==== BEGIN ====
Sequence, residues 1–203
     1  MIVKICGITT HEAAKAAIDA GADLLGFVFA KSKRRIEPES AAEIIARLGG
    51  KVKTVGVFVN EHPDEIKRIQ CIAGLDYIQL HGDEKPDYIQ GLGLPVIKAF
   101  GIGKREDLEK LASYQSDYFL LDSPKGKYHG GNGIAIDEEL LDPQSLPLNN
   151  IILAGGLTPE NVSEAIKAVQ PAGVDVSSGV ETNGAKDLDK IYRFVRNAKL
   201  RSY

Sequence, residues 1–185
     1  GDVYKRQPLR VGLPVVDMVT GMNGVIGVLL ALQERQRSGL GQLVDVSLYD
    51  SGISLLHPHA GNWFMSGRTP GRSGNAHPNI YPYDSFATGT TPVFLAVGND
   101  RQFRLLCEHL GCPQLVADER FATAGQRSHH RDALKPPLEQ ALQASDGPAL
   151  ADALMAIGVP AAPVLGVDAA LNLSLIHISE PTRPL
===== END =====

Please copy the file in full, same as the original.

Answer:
Sequence, residues 1–203
     1  MIVKICGITT HEAAKAAIDA GADLLGFVFA KSKRRIEPES AAEIIARLGG
    51  KVKTVGVFVN EHPDEIKRIQ CIAGLDYIQL HGDEKPDYIQ GLGLPVIKAF
   101  GIGKREDLEK LASYQSDYFL LDSPKGKYHG GNGIAIDEEL LDPQSLPLNN
   151  IILAGGLTPE NVSEAIKAVQ PAGVDVSSGV ETNGAKDLDK IYRFVRNAKL
   201  RSY

Sequence, residues 1–185
     1  GDVYKRQPLR VGLPVVDMVT GMNGVIGVLL ALQERQRSGL GQLVDVSLYD
    51  SGISLLHPHA GNWFMSGRTP GRSGNAHPNI YPYDSFATGT TPVFLAVGND
   101  RQFRLLCEHL GCPQLVADER FATAGQRSHH RDALKPPLEQ ALQASDGPAL
   151  ADALMAIGVP AAPVLGVDAA LNLSLIHISE PTRPL